born-a-crime

Born a Crime:
chapters 4-8
read-along at
Book Bloggers International

Unfortunately, apart from a couple of ladies running Book Bloggers International, no one else seemed to have joined this read-along. So it’s looks more for me like a scheduled reading, with a few chapters per week, than a read-along per se. Which is actually not bad, as at least, it gave me the incentive to read the read and enough time to do so.

So here are the questions proposed today on the chapters 4-8 of the book, with my answers:

1. What do you think were the themes in Part I of the book? How were the essays tied together?

Maybe the common theme is Identity: identify who he is, how he is the same or different than others, identify and getting to know better his roots (his people, his mother, his father)

2. In Chapter 4, Noah talks about the power of language and how it can overcome–or at the very least confuse–racism. He says if people speak the same language, they recognize one another as members of the same “tribe,” even if they look completely different. “Maybe I didn’t look like you, but if I spoke like you, I was you.” Do you think this is true?

I totally agree, you see this also at the social level between groups of people. Plus of course, language is the first tool to really know someone else and understand what they mean deeply.
He also says, “Language, even more than color, defines who you are to people.”
Being bilingual myself, I would even go further and say it defines who I am to myself! I have already talked about this in my review of In Other Words, but as it fits perfectly here, I can reiterate that I actually feel a very different person whether I’m in the US speaking English or in France speaking my native language.
And no, I do not suffer from a dual personality disorder. But language and thinking are extremely connected, so it really makes sense that you would think differently depending on the language you use. And your cultural references get different, your look on life. It can definitely influence the perception you have of yourself.
And so of course influence the perception others have of you, as Trevor experienced early on in life.

3. What would you do if you came home and found out your kid had burned down someone’s house? 

I would certainly react different from Trevor’s mother, but again, we really need to look at the cultural context here.

4. In Chapter 7, Noah talks about his dog Fufi and how she basically formed his entire philosophy regarding relationships. What do you think of this philosophy, and does this simile really work after you start thinking about it?

It works as a reminder that you cannot own others nor what they do. But at the same time, the issue is more complex: when you start building a real relationship with someone, each member needs to keep his own identity and goal in life, while building something common with the other.

5. Which chapter made you cry more, the one where Noah meets his father as an adult or the first chapter?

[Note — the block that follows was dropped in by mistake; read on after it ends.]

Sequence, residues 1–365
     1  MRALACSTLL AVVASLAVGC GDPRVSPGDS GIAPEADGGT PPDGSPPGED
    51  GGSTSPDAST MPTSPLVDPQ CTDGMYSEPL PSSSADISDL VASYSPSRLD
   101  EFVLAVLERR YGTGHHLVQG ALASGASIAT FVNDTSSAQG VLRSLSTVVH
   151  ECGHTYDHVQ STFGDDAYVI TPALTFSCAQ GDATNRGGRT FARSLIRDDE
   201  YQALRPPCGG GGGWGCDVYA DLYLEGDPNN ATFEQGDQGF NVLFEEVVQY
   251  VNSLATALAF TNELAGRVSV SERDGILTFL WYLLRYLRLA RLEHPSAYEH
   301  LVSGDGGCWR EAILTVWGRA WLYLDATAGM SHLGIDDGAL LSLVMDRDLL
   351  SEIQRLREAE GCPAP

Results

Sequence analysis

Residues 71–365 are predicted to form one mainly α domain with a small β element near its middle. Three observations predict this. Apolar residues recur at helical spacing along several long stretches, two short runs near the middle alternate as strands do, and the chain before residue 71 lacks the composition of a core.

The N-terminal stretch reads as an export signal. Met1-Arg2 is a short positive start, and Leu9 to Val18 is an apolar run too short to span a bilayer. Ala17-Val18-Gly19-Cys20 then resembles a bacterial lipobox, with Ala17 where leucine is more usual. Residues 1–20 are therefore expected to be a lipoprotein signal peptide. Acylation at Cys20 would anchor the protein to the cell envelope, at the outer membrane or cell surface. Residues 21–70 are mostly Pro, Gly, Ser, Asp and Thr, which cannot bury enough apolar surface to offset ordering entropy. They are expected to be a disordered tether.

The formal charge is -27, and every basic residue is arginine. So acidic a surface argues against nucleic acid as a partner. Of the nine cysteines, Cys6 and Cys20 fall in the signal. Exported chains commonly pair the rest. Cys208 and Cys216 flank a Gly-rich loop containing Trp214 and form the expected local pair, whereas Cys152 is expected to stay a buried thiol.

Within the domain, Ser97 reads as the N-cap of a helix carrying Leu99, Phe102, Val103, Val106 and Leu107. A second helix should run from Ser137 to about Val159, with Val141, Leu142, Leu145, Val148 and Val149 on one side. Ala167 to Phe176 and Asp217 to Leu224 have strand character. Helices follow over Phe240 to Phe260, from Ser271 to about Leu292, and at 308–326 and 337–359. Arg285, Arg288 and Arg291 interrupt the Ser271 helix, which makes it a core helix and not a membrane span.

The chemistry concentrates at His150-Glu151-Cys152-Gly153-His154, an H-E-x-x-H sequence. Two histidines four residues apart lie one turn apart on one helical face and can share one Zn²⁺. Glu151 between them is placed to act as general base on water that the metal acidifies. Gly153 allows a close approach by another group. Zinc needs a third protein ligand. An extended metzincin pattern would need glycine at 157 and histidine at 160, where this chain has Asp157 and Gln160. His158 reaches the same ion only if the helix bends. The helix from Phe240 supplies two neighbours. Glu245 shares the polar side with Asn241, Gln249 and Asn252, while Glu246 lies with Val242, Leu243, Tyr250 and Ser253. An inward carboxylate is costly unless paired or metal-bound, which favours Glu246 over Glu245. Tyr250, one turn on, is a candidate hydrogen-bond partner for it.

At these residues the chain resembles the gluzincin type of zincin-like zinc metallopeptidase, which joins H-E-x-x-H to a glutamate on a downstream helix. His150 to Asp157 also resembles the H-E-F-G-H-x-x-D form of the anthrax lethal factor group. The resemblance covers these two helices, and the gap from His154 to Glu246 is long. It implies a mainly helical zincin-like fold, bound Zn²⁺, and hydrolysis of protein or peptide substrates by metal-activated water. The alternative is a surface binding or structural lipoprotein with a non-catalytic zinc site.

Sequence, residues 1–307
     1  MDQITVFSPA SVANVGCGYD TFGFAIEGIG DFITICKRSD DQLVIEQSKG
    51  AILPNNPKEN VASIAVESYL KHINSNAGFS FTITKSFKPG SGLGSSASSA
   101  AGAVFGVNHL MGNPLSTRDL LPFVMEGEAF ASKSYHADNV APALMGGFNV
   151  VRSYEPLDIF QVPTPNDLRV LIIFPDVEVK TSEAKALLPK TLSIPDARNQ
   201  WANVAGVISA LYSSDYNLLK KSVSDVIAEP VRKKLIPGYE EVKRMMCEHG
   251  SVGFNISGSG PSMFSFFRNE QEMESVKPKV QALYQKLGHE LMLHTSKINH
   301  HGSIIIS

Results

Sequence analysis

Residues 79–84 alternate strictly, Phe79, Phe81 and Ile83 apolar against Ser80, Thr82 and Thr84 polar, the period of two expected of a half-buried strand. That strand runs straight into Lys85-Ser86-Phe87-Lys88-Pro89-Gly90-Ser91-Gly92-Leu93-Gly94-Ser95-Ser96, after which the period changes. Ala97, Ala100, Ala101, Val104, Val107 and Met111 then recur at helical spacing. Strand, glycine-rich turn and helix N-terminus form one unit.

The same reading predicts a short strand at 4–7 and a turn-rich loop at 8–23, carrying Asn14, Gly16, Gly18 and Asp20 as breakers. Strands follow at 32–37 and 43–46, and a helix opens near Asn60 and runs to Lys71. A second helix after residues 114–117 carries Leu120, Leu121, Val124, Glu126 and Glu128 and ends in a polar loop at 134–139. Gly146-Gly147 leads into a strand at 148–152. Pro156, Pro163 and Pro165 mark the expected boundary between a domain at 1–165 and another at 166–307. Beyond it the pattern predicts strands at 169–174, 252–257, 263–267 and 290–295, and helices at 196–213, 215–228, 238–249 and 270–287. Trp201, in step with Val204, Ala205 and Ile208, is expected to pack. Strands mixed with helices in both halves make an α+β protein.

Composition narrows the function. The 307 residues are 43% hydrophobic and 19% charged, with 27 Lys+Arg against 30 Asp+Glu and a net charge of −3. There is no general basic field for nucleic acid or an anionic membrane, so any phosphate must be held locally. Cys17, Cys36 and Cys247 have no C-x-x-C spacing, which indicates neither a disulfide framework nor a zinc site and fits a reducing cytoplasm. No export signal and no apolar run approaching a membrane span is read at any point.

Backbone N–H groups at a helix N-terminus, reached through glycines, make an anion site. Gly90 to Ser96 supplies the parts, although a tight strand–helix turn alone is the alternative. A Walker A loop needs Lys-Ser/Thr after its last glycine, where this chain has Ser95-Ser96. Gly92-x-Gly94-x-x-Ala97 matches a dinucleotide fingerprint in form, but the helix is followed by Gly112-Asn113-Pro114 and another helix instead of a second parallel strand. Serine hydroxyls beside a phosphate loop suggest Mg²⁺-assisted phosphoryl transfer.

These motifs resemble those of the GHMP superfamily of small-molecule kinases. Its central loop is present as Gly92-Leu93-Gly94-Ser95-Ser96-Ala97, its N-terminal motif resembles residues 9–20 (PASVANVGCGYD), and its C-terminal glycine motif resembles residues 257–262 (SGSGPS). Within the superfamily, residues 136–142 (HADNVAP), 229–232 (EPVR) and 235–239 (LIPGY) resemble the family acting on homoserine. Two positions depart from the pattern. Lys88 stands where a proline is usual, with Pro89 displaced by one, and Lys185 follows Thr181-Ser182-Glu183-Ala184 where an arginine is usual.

This chapter 8, only because it resonates too closely to my own story.
It was wonderful that whatever she had lived with Trevor’s father, she thought it was essential to grow-up healthily to meet his dad.

6. Anything else that surprised you or you want to discuss?

– It was interesting to see how Trevor as a young boy would enjoy the special treatment he received, and go along with it, without knowing at first it had something to do with race.

– I was amazed and shocked by the connection between racism and the restricted access to education:

British racism said, ‘If the monkey can walk like a man and talk like a man, then perhaps he is a man’. Afrikaner racism said, ‘Why give a book to a monkey?’

– I am even more impressed by the toughness of Trevor’s Mum, how she managed to be independent, stick to her ideas of what she thought right, ignoring the social pressure around her, and how she strives to give her son everything she didn’t have, especially education (books were more important to her than food) and access to the English language, as a safe exit door, so he would not be trapped but free to become whom he wanted to be:

My mom raised me as if there were no limitations on where I could go or what I could do.

And this was at a time when it was impossible to know that official apartheid would end one day.

As modestly as we lived at home, I never felt poor because our lies were rich with experience.

Interestingly, this is actually one of the main points of the current minimalism movement.

– And the passage where they argue through letters is so hilarious – that would be better than doing it through SMS!! This kid knew how to write official letters!!

– Within the context they lived in, I’m so impressed by their positive outlook on life. Here in our rich country, too often we consider the glass half-empty instead of seeing it half-full, and focus on superficial things.

Other quotations I want to keep track of, in chapter 4:

I soon learned that the quickest way to bridge the race gap was through language.

And to have all this paragraph together:

Language, even more than color, defines who you are to people. I became a chameleon. My color didn’t change, but I could change your perception of my color…. Maybe I didn’t look like you.

Eiffel Tower Orange

If you want to join us at Book Bloggers International for the following chapters, here is the schedule:

  • Monday, February 6th: Chapters 1-3 Discussion
  • Monday, February 13th: Chapters 4-8 (End of Part I) Discussion
  • Monday, February 20th: Chapters 9-14 (Part II) Discussion
  • Tuesday, February 28th: Chapters 15-18 (Part III) Discussion and Wrap-Up

#12mos12rals

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